The Commodities Feed: Peak oil demand still ahead of us
Your daily roundup of commodity news and ING views
Yesterday wasn’t a great day for oil, with Brent settling back at US$68/bbl, making it the fourth consecutive down day for the market. The IEA’s monthly market report offered little support. The IEA belief is that despite the rise in oil prices, we are not at the start of a new oil super-cycle. They add that oil inventories are still comfortable, and remain above the 5-year average, with OECD industry stocks at the end of January estimated to be 110MMbbls higher YoY. In addition to this, the agency sees a large amount of spare capacity as a result of the roughly 8MMbbls/d of output that OPEC+ are holding from the market.
The report revised its demand growth estimates higher by 100Mbbls/d due to colder weather in 1Q21 across North Asia, Europe and the US, and demand is now expected to grow by 5.5MMbbls/d this year. However, this still leaves total demand below pre-Covid-19 levels, and the IEA forecasts that oil demand will only return to 2019 levels by 2023.
The IEA also released its Oil 2021 report yesterday, which included forecasts all the way through to 2026. The agency still believes that peak oil demand is ahead of us, forecasting that oil demand will reach 104.1MMbbls/d in 2026, up 4.4MMbbls/d from 2019 levels. However, the numbers suggest that the IEA feels that Covid-19 will have an impact on long term demand, with 2025 demand estimated at 103.2MMbbls/d, which is 2.5MMbbls/d lower than the forecast from last year.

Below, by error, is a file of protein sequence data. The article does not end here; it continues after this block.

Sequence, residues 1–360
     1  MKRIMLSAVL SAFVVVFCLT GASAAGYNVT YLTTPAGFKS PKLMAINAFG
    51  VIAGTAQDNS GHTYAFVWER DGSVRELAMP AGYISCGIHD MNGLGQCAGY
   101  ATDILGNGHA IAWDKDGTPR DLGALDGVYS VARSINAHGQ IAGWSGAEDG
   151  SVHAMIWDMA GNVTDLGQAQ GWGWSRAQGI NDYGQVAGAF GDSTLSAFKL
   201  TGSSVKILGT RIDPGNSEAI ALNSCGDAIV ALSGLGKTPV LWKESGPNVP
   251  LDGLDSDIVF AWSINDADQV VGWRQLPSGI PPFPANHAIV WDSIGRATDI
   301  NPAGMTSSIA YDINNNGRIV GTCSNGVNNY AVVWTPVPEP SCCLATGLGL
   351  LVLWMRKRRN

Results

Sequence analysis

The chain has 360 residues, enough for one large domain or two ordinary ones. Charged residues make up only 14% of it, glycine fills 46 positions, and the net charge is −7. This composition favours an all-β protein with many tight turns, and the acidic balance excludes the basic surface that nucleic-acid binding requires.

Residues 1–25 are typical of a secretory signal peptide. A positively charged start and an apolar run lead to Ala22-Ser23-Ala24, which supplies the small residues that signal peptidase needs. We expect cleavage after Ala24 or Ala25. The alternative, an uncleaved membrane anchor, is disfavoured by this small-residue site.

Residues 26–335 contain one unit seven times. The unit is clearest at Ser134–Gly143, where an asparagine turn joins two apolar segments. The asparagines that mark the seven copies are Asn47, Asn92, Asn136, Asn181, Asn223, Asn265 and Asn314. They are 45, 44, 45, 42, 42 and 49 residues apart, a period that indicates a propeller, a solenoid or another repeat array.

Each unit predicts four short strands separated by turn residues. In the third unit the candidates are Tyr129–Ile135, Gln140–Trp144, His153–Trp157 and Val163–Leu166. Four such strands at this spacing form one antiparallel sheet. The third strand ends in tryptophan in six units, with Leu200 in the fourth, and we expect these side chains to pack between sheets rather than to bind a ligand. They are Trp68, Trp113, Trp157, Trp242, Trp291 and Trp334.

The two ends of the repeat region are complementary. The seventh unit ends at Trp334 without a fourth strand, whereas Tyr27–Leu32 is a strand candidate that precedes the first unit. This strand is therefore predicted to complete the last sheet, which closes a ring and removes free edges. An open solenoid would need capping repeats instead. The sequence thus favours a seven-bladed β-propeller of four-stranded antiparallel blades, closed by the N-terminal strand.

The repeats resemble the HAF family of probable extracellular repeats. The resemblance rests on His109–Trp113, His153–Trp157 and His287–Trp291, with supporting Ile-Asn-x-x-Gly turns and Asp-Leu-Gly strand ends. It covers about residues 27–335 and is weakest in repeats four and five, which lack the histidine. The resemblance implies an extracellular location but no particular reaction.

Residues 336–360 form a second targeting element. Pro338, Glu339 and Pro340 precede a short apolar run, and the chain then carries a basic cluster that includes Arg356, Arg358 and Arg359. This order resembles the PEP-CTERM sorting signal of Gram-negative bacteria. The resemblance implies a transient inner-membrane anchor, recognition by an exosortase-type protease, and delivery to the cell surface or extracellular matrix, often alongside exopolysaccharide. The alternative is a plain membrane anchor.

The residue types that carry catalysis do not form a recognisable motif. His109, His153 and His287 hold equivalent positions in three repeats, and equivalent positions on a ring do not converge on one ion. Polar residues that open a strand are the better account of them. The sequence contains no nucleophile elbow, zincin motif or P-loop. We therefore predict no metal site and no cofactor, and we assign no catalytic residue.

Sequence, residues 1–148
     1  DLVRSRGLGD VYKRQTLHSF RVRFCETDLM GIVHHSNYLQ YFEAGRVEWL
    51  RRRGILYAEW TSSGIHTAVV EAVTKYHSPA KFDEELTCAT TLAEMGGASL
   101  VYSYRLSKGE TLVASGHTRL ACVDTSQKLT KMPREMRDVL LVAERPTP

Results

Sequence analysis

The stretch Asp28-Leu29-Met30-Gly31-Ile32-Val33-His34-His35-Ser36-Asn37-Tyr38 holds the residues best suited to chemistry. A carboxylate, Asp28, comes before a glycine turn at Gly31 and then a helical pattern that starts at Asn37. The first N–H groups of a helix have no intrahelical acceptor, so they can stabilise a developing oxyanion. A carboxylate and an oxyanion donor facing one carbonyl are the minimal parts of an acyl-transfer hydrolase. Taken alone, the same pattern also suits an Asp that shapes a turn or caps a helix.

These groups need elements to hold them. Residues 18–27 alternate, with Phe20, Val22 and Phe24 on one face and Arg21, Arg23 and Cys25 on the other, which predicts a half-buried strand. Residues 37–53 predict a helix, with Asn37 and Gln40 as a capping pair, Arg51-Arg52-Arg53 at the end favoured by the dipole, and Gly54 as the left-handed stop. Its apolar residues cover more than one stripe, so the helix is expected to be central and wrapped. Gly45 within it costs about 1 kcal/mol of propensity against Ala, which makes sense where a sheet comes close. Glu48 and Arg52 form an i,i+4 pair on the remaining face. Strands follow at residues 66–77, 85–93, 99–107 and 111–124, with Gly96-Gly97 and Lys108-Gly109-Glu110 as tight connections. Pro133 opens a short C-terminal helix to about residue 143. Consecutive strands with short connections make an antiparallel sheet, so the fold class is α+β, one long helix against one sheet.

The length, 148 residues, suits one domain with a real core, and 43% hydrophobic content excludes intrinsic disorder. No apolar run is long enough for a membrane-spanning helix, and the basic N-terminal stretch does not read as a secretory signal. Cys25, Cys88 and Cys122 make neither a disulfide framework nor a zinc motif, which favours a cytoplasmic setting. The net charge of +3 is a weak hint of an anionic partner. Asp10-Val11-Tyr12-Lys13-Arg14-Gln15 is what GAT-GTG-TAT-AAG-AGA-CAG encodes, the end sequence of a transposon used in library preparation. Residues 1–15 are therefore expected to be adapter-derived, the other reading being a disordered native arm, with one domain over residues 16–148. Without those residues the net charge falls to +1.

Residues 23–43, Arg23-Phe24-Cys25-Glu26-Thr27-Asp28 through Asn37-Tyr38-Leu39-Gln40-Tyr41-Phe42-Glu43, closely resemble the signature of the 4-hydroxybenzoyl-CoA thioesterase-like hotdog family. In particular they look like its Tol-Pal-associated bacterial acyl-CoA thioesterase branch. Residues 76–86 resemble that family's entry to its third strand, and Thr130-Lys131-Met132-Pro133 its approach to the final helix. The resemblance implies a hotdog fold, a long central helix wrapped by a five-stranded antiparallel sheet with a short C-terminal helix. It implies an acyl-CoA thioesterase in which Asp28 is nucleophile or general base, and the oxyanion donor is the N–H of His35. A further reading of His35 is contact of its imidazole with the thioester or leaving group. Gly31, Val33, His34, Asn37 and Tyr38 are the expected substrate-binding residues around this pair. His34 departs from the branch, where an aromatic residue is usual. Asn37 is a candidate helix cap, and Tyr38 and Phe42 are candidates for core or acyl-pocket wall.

Finally, weekly US inventory numbers from the EIA were more bearish than the API numbers from the previous day suggested. Crude oil inventories increased by 2.4MMbbls, which pushed total commercial crude oil inventories above 500MMbbls for the first time this year. Refiners continue to bring back capacity after the freezing conditions in February, with utilisation rates increasing by 7.1 percentage points over the week, to leave them at 76.1%. However, this is still below the 83.1% we saw ahead of the big freeze. In addition to lower than usual refinery activity, crude oil exports remained below 3MMbbls/d for the fourth consecutive week due to a narrow Brent-WTI spread.
On the product side, the EIA reported inventory builds in gasoline and distillate fuel oil of 472Mbbls and 255Mbbls respectively. These are the first product builds that we have seen since the weather disruptions in February, and driven by a return of refining capacity, along with stronger refined product imports. In fact, gasoline imports reached their highest levels since last summer, given the tightness that we have seen in the domestic market.
TagsPeak oil demand OPEC+ IEA EIA Covid-19